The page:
Hi. Kyle Jacobson here. I’m the director of photography at Blendtec and thought I’d share some pointers on what I do and how I do it. I seriously love my job and enjoy sharing tips with anyone who might lend an ear, so I hope you’re ready to shoot some food. In this post, I’ll discuss the first three steps. Be sure to check back next Friday for the last three steps—I follow the colloquialism of “saving the best for last” in this two-parter. And so we begin…. right….about…..wait for it…. now.
The right equipment for you will depend on your current level of skill and the level you want to get to.
- Professional: DSLR
- Amateur pro: Mirrorless camera (Mirrorless cameras are becoming increasingly incredible and are a close second to DSLRs. For a great comparison of DSLR and mirrorless, check out http://www.digitalrev.com)
- Amateur: Small digital camera (like a Canon Powershot or a Sony Cybershot)
- Beginner/no budget/for fun: Cell phone (You’d be surprised what these puppies are capable of. To get an idea, check out mobliephonefoodphotography.)
My favorite place to compare digital cameras is snapsort.com. This site allows you to choose any camera and compare it with any other camera on price, specs, ease of use, and more. The site also has lists of top cameras in every category—a helpful resource if you have no idea where to start.
No matter what level you’re at or what camera you choose, learn how to use all of your camera’s features.
Need some inspiration? Start by looking at other photographers’ work. The websites I browse daily include Pinterest, Food Gawker, and Epicurious. (All of these sites have mobile apps for iPhone; Epicurious and Pinterest also have apps for Android.) Make it a habit to look at food photography every morning for at least 10 minutes. You’ll begin to see the world differently; your mind will be open the rest of the day, thinking about the possibilities.
Find the photographers who resonate with your style, and learn along side of them. Bookmark their pages and follow them. Some photographers are even kind enough to answer specific questions from their followers. People I love to follow:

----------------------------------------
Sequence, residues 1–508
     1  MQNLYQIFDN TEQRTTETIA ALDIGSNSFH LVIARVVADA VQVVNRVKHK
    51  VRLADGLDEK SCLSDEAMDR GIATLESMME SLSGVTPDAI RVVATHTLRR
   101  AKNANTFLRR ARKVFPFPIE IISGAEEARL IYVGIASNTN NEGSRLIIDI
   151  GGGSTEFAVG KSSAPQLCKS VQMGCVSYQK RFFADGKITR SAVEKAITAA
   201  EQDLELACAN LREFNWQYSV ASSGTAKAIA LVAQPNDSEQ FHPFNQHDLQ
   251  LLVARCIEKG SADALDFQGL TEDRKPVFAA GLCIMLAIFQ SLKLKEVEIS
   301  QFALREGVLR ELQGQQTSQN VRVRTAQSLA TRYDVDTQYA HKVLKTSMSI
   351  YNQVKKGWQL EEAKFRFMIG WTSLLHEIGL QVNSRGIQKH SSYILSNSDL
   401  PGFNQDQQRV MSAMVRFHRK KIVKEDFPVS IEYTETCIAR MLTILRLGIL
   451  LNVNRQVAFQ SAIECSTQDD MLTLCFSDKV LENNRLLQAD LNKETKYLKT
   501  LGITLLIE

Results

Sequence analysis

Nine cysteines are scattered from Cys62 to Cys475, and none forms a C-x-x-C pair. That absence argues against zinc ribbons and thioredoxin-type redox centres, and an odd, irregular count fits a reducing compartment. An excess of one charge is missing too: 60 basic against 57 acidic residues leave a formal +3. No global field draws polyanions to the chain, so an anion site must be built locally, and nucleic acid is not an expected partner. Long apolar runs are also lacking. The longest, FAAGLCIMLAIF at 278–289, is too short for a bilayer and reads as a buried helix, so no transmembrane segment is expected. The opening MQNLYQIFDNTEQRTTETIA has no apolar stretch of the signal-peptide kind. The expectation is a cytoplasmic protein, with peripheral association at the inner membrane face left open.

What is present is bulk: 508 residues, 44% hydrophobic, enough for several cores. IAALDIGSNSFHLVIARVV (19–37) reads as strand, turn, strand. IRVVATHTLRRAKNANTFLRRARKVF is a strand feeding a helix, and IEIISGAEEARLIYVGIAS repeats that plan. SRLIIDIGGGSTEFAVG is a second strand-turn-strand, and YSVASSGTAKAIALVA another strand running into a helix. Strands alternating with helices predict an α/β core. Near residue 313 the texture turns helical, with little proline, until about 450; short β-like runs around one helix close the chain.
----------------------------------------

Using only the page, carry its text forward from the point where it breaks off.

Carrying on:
To spark your creativity, walk around outside, visit new cafés, visit an antiques store, go to a boutique, think outside of the plate. Just yesterday I was walking through a craft store looking at a bounteous array of goodies and asking myself, How can I incorporate these items in my shoots?
Another method that can help you create unique and inspiring photography is to break down the process into components:
- How will the food be prepared (grilled, braised, in an easy-bake oven, etc.)?
- How will you cut the food (down the middle, horizontally, diagonally, with a chainsaw, etc.)?
- What would go well with the food (lemons, bread, spinach dip, a penguin, etc.)?
- What will you put the food in (a white square dish, a basket, a drawer from an old doll house, etc.)
- What will you put the food on (cement countertop, antique door, barn wood, you son’s head, etc.)
- Could you mix something into the food (small or large chocolate chips, nuts, horseradish sauce, yogurt, Pixy Stixs, etc.)
- Could you put something on top of the food (orange zest, cream, a Lego piece, etc.)?
Ask yourselves these and other questions to open your mind to all possibilities.